These aliens are so advanced that they have city sized space ships. They study us so closely that they can duplicate individuals down to the smallest detail. But they are defeated by being shown clippings from comics. They think those monsters are real and they run away scared.
This colours how we see the whole story from the start. Turn back to the opening pages and we see the aliens destroy some kind of ocean rig and turning the power off to the city. It looks like random violence. See the sneaky grin as the alien turns off the big switch. It’s all very silly.
But look closer at Lee’s dialog and we see problems as usual. Lee wrote that the comic clippings are from the Marvel titles “Strange Tales” and “Journey into Mystery”. But try searching those comics for those images: you won’t find them, or anything close. So let’s remove Lee’s dialog, and see what is really going on.
Those are clearly photographs, not comic clippings. And the images appear to come from recent movies: the creatures with the tentacles and claws are the race from “The She Creature” (1956),
the satellite guns are from “War of the Satellites” (1958, a movie which also featured aliens impersonating humans),
and the giant ants are from “Them” (1954).
Movie still photos could easily be purchased in New York in 1961, from kiosks such as “Irving Klaw’s Movie Star Photos”.
This changes the story completely. Watch those three movies: regardless of their acting, they try to be believable. “War of the Satellites” is about how Sputnik could lead to guns in space. “Them” is about atomic tests causing radiation which causes mutation in ants. “The She Creature” is about hypnotism uncovering abilities humans used to have. Although they use models and costumes the right photos could pass for spy photos taken in dangerous conditions. The Skrulls would not see these things from space because of course they are our secret weapons. Suddenly a story that was just absurd becomes one that could perhaps take place in the real world.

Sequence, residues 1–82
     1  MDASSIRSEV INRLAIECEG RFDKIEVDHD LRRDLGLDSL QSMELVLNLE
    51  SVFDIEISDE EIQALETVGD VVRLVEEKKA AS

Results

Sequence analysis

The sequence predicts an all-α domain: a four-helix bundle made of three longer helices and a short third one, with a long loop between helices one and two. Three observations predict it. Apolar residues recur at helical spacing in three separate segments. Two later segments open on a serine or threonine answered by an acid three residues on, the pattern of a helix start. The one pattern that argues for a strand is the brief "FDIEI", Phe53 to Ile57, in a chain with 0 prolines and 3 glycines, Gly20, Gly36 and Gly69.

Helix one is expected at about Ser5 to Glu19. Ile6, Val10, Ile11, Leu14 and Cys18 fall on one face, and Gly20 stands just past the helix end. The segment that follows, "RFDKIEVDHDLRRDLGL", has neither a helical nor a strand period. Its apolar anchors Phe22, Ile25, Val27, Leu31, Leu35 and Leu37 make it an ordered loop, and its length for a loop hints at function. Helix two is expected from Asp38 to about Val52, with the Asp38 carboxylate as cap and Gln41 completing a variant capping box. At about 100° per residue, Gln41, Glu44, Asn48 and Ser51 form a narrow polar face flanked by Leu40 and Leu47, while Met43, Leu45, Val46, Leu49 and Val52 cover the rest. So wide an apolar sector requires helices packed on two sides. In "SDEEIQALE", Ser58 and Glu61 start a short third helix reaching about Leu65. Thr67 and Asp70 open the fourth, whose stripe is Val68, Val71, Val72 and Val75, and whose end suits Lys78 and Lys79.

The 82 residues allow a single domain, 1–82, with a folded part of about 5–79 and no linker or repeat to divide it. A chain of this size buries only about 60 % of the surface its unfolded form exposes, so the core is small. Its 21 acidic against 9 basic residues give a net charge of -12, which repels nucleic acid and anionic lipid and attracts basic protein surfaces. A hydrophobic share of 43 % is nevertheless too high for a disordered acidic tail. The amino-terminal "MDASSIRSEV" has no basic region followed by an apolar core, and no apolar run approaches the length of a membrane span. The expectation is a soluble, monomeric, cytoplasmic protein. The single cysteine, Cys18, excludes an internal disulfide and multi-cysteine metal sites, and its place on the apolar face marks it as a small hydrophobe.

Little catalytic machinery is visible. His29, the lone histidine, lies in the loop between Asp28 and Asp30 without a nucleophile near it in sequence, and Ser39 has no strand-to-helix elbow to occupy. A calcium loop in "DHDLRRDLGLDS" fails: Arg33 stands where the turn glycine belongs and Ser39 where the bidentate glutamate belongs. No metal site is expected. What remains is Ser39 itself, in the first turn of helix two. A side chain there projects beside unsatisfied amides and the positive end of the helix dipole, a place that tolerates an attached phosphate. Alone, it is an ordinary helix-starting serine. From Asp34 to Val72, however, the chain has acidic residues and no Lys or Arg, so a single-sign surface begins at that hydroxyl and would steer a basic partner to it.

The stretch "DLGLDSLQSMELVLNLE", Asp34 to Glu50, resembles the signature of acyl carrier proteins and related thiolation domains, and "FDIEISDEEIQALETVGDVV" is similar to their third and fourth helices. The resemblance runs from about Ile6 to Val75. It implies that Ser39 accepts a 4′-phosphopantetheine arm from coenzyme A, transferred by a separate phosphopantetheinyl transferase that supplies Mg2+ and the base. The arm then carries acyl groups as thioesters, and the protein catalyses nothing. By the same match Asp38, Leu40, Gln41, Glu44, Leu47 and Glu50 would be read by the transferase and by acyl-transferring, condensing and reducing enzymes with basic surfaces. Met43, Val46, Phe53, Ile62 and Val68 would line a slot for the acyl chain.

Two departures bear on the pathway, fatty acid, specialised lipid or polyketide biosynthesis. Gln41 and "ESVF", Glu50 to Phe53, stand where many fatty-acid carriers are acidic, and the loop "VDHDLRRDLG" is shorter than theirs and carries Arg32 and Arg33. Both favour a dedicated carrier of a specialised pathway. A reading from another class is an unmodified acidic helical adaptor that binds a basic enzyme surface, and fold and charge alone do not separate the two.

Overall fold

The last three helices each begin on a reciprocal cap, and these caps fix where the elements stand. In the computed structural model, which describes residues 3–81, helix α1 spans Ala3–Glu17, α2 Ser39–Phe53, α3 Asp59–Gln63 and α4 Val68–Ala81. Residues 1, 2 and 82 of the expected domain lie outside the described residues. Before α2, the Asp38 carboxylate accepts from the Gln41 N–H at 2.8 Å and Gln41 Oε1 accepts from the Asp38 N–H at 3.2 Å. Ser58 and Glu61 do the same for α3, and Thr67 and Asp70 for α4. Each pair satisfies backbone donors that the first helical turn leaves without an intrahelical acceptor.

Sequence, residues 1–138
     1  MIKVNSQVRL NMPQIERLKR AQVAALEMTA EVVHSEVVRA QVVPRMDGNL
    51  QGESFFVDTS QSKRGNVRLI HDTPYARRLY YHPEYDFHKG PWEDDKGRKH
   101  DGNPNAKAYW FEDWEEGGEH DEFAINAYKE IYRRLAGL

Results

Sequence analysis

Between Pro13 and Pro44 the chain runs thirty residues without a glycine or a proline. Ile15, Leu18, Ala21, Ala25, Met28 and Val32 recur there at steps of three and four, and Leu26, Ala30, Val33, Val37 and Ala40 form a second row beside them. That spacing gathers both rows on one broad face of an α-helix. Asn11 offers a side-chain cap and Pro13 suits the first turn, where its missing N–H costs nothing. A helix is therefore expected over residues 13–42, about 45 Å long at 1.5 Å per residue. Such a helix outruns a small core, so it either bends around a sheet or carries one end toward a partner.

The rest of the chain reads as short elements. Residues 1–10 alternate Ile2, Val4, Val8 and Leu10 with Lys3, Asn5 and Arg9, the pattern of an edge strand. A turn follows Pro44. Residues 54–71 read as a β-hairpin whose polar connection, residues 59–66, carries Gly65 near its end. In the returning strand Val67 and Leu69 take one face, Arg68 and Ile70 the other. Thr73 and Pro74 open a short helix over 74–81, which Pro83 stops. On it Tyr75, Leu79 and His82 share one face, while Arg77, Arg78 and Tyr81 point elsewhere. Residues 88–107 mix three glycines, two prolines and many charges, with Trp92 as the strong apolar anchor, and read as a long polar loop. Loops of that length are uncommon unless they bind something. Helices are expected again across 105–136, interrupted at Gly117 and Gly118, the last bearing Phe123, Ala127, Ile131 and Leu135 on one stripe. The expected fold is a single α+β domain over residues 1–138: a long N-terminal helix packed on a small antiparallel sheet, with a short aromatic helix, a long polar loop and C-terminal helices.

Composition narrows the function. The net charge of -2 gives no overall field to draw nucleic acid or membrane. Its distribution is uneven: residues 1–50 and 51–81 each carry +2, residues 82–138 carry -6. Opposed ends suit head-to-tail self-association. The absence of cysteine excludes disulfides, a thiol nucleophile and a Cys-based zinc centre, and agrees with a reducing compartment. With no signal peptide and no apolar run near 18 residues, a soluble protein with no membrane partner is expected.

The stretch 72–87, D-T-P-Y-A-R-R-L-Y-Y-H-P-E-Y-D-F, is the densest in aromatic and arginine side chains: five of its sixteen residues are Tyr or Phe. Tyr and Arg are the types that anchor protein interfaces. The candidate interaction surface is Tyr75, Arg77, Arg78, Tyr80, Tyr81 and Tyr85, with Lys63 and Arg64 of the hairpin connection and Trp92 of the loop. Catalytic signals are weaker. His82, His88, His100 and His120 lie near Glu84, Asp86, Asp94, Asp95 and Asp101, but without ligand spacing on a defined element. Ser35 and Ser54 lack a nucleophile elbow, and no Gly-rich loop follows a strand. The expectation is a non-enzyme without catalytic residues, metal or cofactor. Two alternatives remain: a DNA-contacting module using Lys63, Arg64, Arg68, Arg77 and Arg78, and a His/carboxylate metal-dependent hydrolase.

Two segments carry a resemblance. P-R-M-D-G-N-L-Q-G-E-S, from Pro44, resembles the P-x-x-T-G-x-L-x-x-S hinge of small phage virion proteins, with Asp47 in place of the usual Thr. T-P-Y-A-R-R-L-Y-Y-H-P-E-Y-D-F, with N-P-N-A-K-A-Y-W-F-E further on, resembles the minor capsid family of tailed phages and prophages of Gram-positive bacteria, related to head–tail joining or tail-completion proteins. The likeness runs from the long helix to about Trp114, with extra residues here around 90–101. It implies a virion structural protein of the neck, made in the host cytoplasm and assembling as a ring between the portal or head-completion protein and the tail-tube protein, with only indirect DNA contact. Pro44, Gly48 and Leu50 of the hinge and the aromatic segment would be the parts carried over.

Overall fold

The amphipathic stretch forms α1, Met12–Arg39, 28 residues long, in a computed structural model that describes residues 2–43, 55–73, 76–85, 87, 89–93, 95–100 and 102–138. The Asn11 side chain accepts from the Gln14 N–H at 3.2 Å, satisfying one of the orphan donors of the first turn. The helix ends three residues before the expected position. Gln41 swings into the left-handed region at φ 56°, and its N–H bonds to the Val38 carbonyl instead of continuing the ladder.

With this new, more serious view, return again to those opening scenes. The apparently silly crimes are real events that actually happened, just before the comic was written. The disasters at the Texas Towers took place in January 1961. Large parts of New York had a blackout due to a faulty circuit breaker on June 13th 1961, exactly when the story would have been plotted. The middle section of the story is basically McCarthyism: the best and brightest Americans are condemned as enemy sympathisers, when in fact they are needed to save the nation. The alien invaders, hiding among us, are of course symbols for communists or other sleeper agents and false flag attacks.
So Kirby’s art shows a deadly serious story about the real world. Children could see it as fun, but adults could se more depth. However, Lee’s dialog removed the adult layer. Once again Lee destroyed half of the story
We could see the same thing in issue 3 (a story essentially about McCarthyism), issue 4 (which has insights into the Cuban crisis), and so on. Kirby created a rich, layered story each time, and each time Lee vandalised it.
Comic historians agree that the best Fantastic Four issues were those published between 1965 and 1967. These were possibly the best comic books ever, period: